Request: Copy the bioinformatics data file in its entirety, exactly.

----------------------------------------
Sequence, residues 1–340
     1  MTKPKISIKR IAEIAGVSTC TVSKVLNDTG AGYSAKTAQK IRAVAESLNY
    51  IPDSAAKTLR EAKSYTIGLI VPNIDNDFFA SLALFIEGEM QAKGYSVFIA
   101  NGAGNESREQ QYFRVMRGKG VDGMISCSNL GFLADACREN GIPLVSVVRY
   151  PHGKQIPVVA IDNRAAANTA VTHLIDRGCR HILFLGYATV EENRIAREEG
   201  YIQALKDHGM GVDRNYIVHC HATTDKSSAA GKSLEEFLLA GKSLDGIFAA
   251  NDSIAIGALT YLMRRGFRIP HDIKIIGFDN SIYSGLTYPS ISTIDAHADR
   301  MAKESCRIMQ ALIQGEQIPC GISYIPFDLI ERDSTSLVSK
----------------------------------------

Sequence, residues 1–340
     1  MTKPKISIKR IAEIAGVSTC TVSKVLNDTG AGYSAKTAQK IRAVAESLNY
    51  IPDSAAKTLR EAKSYTIGLI VPNIDNDFFA SLALFIEGEM QAKGYSVFIA
   101  NGAGNESREQ QYFRVMRGKG VDGMISCSNL GFLADACREN GIPLVSVVRY
   151  PHGKQIPVVA IDNRAAANTA VTHLIDRGCR HILFLGYATV EENRIAREEG
   201  YIQALKDHGM GVDRNYIVHC HATTDKSSAA GKSLEEFLLA GKSLDGIFAA
   251  NDSIAIGALT YLMRRGFRIP HDIKIIGFDN SIYSGLTYPS ISTIDAHADR
   301  MAKESCRIMQ ALIQGEQIPC GISYIPFDLI ERDSTSLVSK